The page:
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Faith and same-sex marriage and politics

HONG KONG (SE): While house minority leader in the congress in Washington DC, Nancy Pelosi, announced on May 9 that her Catholic faith compels her to believe in same sex marriage, the non-religious faith of Australian prime minister, Julia Gillard, is prompting her to say that she will vote against legal recognition of same sex marriage when a pending bill comes before the parliament.
Hot on the heels of the May 8 confession of conversion to same sex marriage by the president of the United States of America, Barack Obama, Pelosi said that her Catholic faith compels her to be against discrimination of any kind and so she is for same-sex marriage as a result.
Pelosi was quoted by as saying that she believes that Obama went a long way towards shortening the difference between the inevitable and the inconceivable in the introduction of same sex marriage.
“It is a matter of time. It is all about time. And on these issues, what is inevitable to some of us is inconceivable to others,” she said.
Pelosi added that one of the things that she loves about Catholicism is that it compels a believer to be against discrimination of all kinds, and she believes that to bar same sex marriage is discriminatory.
However, on the same day, Gillard, a professed non-believer in God, said that she will not support a bid for legal recognition of same sex marriage.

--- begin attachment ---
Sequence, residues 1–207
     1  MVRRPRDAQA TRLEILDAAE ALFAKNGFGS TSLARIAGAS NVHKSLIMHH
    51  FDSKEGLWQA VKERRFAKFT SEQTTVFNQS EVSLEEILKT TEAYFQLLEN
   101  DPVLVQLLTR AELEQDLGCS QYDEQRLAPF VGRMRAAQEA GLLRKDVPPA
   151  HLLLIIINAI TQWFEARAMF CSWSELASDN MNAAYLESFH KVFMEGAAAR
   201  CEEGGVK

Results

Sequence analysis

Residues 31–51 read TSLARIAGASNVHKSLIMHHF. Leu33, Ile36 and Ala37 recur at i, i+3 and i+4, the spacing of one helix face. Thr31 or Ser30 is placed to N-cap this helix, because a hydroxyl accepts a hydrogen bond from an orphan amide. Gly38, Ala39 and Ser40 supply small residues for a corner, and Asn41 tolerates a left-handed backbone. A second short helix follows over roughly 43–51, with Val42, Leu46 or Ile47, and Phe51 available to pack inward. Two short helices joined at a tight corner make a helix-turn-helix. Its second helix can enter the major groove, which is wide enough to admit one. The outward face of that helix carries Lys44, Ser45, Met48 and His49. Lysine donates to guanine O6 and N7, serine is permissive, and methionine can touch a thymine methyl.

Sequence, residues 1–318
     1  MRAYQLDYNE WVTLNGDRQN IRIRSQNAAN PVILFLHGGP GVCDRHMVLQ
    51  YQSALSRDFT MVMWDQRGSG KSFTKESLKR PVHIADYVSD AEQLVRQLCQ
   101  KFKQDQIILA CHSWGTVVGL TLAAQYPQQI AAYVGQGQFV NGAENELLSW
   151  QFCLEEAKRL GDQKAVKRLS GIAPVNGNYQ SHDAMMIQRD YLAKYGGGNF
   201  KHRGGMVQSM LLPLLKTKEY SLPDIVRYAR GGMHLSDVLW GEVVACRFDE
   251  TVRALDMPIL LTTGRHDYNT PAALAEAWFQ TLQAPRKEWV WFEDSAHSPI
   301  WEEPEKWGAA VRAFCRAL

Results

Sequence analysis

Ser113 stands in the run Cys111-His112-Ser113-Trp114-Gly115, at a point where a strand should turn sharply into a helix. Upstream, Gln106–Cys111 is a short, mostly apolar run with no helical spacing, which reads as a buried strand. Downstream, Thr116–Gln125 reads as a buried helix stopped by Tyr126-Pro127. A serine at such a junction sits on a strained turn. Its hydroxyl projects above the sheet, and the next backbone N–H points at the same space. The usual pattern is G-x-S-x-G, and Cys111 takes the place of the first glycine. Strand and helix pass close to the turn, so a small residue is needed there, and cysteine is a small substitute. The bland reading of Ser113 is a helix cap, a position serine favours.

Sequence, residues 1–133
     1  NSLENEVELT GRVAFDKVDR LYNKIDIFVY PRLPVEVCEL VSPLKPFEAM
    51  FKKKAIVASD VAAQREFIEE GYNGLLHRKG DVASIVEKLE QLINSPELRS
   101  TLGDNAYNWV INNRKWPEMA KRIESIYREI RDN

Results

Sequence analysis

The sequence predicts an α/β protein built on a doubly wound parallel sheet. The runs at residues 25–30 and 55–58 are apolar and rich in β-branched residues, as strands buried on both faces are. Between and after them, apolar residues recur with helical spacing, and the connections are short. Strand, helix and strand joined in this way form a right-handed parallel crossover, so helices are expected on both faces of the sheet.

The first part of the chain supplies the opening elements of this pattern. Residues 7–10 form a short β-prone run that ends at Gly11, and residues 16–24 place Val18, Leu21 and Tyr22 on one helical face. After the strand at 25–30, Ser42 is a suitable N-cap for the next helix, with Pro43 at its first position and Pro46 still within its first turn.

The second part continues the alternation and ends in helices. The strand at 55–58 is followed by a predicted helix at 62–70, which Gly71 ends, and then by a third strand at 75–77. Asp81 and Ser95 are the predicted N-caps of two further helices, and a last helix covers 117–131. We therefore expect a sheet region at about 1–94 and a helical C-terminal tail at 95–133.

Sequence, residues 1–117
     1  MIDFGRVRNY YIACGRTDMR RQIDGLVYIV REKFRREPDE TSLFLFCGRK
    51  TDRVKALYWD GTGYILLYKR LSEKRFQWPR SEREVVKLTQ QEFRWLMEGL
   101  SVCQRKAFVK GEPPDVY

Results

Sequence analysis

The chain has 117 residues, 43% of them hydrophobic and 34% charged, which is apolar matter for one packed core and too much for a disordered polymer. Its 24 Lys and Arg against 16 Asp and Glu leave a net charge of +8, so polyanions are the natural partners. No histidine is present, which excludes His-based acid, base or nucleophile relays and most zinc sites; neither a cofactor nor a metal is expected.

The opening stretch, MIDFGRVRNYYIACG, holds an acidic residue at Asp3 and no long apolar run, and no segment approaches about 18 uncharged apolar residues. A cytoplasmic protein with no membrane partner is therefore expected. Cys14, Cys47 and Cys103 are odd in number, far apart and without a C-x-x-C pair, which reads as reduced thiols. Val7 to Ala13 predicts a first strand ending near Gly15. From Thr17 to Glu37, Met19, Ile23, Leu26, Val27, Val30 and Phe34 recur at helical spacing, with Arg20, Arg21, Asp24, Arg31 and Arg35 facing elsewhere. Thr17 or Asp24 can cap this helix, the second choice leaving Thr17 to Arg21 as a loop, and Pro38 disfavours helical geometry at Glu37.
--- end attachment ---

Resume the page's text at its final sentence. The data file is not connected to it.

Gillard indicated to the press that she will vote against a bill that is pending in the parliament in Canberra.
“I believe what I believe,” the Labour prime minister said.
However, on  May 13, CathNews reported on a story in the Sydney Morning Herald, which said that the president of Argentina, Cristina Kirchner, would be urging Gillard to support same-sex marriage, after an Australian pair became the first foreign same-sex couple to marry in the South American country.
The United States Conference of Catholic Bishops, however expressed its dismay at Obama’s declaration. 
“We cannot be silent in the face of words or actions that would undermine the institution of marriage, the very cornerstone of our society,” said conference head, Timothy Cardinal Dolan. “The people of this country, especially our children, deserve better.”

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